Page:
Associate producer Peggy Robertson said "We went in knowing the film wasn't ready. Peter knew what was missing and had accommodated for it, but the audience didn't.... Peter tried [to make the July release date] but it boiled down to, `Do you want it quick or do you want it good?' We just finished filming in April, so I don't think anyone was surprised when it didn't work out." A DEG spokesman said It told us a movie was there and the audience we were aiming for (women between 18 and 25) was responding. That's the reason we're taking our time now. It's not just another programmer."[9]

The De Laurentis Group ran into financial troubles and the release date kept being changed. This affected other films from the producer too "All the films are in limbo until (the group's problems) are resolved," said Bodganovich. "It takes a lot of time because there's a lot of banks and different people involved, but I'm assured by DEG that it will come out either by them or another distributor... It's been a tough ride for Dino. He's just had a hard run of luck."[10]

"We showed this picture to kids, and they were screaming," he said. "Critics have to say, `Bogdanovich is doing this in the tradition of screwball comedy' because that's what it is and they're stuck with saying it. But kids just see that [Rob Lowe] is falling down, and there's an excitement about that because they haven't seen it before."[11]

Bogdanovich he had "high hopes for" the film "but it was re-cut completely by Dino De Laurentiis."[12]

The film was a financial and critical failure. Bogdanovich later called it "awful... I don't even like to mention it."[13]

References[edit]

  1. ^ a b c The New York Times
  2. ^ Beck, M. (1986, Dec 19). Crocodile and an enterprising crew trekking back. The Windsor Star Retrieved from https://search-proquest-com.ezproxy.sl.nsw.gov.au/docview/253628311?accountid=13902
  3. ^ Kralev, Nicholas (May 18, 2002). "Down so long, it looks like up". The Financial Times. Director Peter Bogdanovich. 
  4. ^ "Interview with Peter Bogdanovich". Bobbie Wygand. 
  5. ^ "The Passions of Peter Bogdanovich". People. 23 January 1989.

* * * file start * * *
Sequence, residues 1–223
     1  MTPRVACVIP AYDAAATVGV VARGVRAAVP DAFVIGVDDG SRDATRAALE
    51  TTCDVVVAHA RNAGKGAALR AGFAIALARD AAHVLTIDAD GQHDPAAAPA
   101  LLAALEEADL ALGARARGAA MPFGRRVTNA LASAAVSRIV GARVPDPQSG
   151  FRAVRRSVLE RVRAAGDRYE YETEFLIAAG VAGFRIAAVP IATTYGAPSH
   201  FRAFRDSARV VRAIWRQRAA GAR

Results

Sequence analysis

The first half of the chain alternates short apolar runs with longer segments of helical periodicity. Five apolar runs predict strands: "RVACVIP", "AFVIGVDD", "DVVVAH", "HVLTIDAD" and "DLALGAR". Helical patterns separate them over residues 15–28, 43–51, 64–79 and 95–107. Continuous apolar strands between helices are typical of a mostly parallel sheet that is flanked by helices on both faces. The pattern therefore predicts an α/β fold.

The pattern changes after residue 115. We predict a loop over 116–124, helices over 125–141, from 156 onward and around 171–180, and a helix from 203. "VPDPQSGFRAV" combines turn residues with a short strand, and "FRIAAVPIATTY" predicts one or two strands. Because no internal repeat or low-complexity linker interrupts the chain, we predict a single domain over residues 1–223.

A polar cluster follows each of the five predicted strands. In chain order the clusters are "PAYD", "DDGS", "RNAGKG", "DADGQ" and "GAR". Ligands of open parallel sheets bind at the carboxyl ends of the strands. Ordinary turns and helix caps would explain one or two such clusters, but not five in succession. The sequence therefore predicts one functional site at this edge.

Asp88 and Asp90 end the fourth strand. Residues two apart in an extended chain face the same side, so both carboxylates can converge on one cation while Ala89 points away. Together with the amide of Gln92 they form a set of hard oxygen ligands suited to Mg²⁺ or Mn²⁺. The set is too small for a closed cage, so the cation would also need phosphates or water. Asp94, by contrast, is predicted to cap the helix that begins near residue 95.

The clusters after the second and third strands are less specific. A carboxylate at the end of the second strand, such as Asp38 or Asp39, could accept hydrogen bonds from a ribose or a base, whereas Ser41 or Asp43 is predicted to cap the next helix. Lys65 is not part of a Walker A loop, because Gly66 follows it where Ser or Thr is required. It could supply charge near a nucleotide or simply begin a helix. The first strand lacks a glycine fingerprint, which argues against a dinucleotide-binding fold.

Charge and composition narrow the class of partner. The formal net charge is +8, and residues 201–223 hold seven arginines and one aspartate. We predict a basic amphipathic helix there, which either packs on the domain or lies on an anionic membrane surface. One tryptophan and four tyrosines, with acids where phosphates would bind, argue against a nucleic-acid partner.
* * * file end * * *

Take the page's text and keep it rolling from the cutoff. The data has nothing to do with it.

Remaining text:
6. ^ Beck, M. (1987, Jul 23). STUDIOS RUSH TO ROLL THE CAMERAS. Chicago Tribune (Pre-1997 Fulltext) Retrieved from https://search-proquest-com.ezproxy.sl.nsw.gov.au/docview/291036485?accountid=13902
  7. ^ Hinson, M. (2011, Apr 03). Where were you when 'something wild' came to town? Tallahassee Democrat Retrieved from https://search-proquest-com.ezproxy.sl.nsw.gov.au/docview/859686154?accountid=13902
  8. ^ WILLISTEIN, P. (1987, May 31). THE SUMMER SEASON HOLLYWOOD LOOKS TO BIG MOVIES FOR BIG BOX OFFICE BUCKS. Morning Call Retrieved from https://search-proquest-com.ezproxy.sl.nsw.gov.au/docview/392201976?accountid=13902
  9. ^ TOUGH TEST. (1987, Jul 19). Los Angeles Times (Pre-1997 Fulltext) Retrieved from https://search-proquest-com.ezproxy.sl.nsw.gov.au/docview/292772214?accountid=13902
  10. ^ Richardson, J. H. (1988, Feb 24). DEBT-RIDDEN DE LAURENTIIS IS FILMSTUCK. Chicago Tribune (Pre-1997 Fulltext) Retrieved from https://search-proquest-com.ezproxy.sl.nsw.gov.au/docview/282462395?accountid=13902
  11. ^ Spies, M. (1988, May 13). New comedy wasn't fun to make, bogdanovich says. Houston Chronicle (Pre-1997 Fulltext) Retrieved from https://search-proquest-com.ezproxy.sl.nsw.gov.au/docview/295391229?accountid=13902
  12. ^ "Peter Bodanovich Interview". Hollywood Interview. 
  13. ^ Tonguette, Peter (2015). Peter Bogdanovich: Interviews. Univ. Press of Mississippi. 

External links[edit]